In every Digital Footprint conference every one of our mastermind groups at our house we get into a little circle, we do a camp fire, we do breakouts, and we basically share what we know is what is generating our 670 websites that make money every month and getting them to grow every month, every month, why we have 200 million people a year looking at our websites. We’re going to get very, very real on this podcast, in the same way that at every conference we put on you can see dozens of grown men crying because I’m getting real with their narrative of why they do what they do. We’re going to go in a Tony Robbins direction for a minute here and we’re going to stay on the point of why Tom from Toms Shoes, and his name is not Tom, that’s not his real name, but why Toms Shoes leads with an emotional narrative and not product, and why I believe this is the way of the future. No question, this is the way of the future. I want everybody for a minute to just mentally pause and ask yourself, “Why you do what you do? If you’re a manager at a company, why you do it? If you’re the head of sales, why do you do it? If you’re in sales, why? If you’re an engineer and you want to break out and start your own company, why? Why?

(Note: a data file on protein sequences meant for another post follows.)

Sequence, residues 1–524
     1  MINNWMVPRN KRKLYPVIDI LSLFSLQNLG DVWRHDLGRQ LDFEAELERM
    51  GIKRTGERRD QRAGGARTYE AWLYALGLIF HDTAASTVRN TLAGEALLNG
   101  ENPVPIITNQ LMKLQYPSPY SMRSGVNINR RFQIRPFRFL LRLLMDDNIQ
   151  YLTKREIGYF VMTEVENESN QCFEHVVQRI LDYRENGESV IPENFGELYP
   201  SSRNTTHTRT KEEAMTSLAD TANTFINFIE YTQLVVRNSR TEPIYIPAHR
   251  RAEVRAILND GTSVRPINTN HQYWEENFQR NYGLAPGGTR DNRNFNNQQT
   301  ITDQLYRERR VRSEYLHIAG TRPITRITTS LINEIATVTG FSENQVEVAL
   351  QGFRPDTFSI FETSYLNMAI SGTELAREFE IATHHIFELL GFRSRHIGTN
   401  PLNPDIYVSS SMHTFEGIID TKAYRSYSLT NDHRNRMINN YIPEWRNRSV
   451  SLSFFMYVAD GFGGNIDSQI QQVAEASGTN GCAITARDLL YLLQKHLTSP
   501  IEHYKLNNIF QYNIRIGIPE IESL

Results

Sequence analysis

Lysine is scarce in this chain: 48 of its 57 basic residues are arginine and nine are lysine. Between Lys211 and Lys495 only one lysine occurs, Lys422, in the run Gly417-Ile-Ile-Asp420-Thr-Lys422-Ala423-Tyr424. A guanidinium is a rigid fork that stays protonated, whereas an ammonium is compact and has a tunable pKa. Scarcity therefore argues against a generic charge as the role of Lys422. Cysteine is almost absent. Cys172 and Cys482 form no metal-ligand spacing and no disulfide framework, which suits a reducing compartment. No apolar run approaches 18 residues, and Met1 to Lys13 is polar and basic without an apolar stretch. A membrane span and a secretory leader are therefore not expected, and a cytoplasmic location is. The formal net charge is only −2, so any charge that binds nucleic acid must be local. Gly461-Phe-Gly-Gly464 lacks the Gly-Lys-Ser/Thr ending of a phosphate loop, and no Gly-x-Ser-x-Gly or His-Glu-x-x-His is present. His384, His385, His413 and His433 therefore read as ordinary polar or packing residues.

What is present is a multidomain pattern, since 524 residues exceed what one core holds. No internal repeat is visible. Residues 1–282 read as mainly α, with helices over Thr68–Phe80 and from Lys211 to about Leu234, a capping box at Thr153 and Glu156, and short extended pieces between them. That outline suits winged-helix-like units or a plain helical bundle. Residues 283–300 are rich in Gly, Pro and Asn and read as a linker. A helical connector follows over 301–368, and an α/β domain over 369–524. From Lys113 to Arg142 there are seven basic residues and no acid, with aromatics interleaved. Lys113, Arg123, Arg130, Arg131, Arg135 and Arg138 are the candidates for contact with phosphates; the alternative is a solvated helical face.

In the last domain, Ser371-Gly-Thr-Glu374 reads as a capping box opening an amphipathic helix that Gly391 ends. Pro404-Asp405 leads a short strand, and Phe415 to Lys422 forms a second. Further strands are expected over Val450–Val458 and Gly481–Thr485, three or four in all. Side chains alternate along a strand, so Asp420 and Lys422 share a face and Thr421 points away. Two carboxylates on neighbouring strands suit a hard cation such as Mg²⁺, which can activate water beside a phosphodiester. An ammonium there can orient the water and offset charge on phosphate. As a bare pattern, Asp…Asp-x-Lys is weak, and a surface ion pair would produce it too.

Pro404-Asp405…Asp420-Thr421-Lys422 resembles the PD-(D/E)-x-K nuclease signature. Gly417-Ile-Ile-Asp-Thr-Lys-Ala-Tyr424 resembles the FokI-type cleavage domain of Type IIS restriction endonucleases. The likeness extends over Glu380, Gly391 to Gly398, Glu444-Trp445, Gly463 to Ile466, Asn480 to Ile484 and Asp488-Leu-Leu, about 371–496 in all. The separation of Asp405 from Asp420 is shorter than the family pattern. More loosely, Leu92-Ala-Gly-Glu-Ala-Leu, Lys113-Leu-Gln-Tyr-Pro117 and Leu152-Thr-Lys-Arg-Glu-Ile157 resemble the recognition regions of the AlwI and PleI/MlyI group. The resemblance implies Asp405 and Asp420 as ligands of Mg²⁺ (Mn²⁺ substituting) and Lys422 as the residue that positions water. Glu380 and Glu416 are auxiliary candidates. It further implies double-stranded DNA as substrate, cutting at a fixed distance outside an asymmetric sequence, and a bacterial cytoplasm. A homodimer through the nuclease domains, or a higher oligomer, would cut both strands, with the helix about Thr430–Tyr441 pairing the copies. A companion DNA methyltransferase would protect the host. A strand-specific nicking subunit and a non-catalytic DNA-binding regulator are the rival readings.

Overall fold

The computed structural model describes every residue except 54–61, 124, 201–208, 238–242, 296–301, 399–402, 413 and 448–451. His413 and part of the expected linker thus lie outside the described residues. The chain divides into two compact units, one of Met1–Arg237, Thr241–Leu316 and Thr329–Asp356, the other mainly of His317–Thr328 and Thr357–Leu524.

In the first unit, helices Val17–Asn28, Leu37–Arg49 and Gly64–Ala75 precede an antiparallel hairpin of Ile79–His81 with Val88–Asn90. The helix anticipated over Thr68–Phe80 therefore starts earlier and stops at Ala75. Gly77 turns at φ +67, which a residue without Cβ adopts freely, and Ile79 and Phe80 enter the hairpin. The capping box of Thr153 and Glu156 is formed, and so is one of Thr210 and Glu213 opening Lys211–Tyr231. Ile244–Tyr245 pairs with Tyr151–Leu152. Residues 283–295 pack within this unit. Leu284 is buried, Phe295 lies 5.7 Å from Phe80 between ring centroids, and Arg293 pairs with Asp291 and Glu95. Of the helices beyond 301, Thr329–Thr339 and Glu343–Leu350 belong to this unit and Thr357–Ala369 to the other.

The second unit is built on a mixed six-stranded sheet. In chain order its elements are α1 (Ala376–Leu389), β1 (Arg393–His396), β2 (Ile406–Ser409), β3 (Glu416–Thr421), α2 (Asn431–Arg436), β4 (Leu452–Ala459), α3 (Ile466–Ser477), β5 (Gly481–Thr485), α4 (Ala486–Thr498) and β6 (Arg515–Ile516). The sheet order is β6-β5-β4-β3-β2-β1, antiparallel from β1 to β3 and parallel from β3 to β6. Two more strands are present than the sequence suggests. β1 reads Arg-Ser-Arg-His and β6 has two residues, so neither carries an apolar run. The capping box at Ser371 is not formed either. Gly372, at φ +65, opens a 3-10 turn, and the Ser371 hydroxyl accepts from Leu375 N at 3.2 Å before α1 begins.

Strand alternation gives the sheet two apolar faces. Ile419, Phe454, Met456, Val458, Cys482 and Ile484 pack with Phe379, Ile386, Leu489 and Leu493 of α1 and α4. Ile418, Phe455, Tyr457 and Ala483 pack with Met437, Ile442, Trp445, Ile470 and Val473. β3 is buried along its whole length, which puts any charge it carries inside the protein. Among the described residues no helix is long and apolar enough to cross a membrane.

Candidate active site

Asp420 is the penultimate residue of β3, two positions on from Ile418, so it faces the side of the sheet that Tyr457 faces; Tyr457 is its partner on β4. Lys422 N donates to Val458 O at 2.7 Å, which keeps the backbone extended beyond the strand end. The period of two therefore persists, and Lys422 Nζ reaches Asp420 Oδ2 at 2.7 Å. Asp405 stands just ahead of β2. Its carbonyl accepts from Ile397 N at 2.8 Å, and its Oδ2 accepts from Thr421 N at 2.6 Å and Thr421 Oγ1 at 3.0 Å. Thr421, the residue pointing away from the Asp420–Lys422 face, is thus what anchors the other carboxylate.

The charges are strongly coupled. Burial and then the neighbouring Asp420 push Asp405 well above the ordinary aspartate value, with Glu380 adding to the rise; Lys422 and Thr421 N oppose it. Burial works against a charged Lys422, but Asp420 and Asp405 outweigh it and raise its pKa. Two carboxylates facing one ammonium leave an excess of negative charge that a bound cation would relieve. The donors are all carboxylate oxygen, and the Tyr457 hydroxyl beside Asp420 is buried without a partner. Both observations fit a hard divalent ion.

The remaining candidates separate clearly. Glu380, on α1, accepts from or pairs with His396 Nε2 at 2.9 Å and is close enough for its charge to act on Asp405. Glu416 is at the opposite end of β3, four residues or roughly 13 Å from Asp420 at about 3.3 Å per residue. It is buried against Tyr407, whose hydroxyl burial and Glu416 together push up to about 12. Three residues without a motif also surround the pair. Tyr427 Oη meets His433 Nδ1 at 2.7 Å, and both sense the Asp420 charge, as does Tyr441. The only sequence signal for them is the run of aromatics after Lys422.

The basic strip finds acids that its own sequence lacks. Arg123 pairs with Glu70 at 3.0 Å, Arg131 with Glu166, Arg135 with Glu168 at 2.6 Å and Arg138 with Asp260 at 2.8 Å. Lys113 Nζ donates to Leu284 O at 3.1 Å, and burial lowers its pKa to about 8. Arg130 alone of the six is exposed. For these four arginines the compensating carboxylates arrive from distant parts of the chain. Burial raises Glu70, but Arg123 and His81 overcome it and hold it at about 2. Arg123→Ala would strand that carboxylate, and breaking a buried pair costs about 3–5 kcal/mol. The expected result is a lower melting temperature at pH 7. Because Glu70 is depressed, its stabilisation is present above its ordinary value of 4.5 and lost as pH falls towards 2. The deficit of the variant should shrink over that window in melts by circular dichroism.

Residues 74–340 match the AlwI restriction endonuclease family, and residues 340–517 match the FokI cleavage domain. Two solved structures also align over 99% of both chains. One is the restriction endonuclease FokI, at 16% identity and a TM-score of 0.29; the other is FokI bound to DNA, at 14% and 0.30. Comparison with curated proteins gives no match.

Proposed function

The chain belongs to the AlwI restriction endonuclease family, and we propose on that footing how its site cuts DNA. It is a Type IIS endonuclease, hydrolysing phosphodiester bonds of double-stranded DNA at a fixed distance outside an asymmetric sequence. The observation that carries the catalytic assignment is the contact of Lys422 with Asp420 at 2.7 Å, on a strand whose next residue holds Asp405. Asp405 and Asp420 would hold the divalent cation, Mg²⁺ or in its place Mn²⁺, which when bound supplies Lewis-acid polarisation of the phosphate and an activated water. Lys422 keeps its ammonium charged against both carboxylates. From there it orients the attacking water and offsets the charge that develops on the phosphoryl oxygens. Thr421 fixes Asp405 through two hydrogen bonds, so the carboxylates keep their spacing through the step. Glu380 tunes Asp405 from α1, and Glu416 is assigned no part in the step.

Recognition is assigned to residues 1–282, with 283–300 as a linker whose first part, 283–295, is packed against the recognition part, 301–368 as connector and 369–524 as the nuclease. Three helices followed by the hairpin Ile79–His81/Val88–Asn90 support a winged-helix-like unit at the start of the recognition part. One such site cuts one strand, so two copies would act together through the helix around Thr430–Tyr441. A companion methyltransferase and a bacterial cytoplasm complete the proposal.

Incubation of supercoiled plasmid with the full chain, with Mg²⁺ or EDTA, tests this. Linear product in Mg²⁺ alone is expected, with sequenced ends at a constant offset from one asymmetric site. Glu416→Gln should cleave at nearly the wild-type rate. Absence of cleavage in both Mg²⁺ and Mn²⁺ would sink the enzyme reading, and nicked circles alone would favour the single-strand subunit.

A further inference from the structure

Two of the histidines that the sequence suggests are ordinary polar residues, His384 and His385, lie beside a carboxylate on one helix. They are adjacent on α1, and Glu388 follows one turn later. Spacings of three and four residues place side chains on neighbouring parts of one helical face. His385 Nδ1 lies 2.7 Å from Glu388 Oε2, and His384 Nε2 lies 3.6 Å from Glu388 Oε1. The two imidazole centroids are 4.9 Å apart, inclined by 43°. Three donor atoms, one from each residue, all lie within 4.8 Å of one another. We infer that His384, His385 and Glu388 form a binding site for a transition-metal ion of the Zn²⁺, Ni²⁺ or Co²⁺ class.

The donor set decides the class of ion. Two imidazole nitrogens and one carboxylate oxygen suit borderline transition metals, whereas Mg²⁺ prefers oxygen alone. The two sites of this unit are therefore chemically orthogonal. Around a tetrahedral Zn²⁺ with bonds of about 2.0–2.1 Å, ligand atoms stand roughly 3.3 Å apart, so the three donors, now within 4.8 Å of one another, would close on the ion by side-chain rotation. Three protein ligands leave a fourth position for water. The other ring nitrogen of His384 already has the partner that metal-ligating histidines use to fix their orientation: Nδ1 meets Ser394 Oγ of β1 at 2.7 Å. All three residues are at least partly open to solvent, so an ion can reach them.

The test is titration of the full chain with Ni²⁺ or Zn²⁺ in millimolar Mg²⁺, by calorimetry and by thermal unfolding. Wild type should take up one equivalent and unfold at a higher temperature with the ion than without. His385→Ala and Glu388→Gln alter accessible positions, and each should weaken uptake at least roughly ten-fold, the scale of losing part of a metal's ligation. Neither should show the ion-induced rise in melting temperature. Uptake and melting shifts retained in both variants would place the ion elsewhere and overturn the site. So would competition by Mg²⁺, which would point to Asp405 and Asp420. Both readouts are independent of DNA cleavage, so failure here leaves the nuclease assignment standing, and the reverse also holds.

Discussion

Here’s why this matters, especially if you’re a solopreneur, if you’re a 50 employee or less company, you better get really real with why you do what you do if you want to be in business short term and long term, because people no longer buy products, they buy the narrative. They don’t buy the Ps, Product, Price, Positioning, Placement. That makes people gag. They buy the message. You can hear our other podcast on that. But let’s stay right here on this tag line game for a minute. Tony Robbins says, and this is backed up by either Yale or a Harvard study, that you do what you do for 1 of 2 reasons, you’re either chasing a mighty dream or you’re running from a nightmare. Now that was the Yale or Harvard piece. Tony took it a step further I want to say in the 90s and he goes, “You know, I commissioned a study that went deeper, and I do agree you do what you do because you’re either chasing a mighty dream or you’re running from a nightmare.” But he says, “I think you’re even trying to preserve the next generation or you’re trying to run away or clean house on the previous generations, and you don’t want to bring that in.”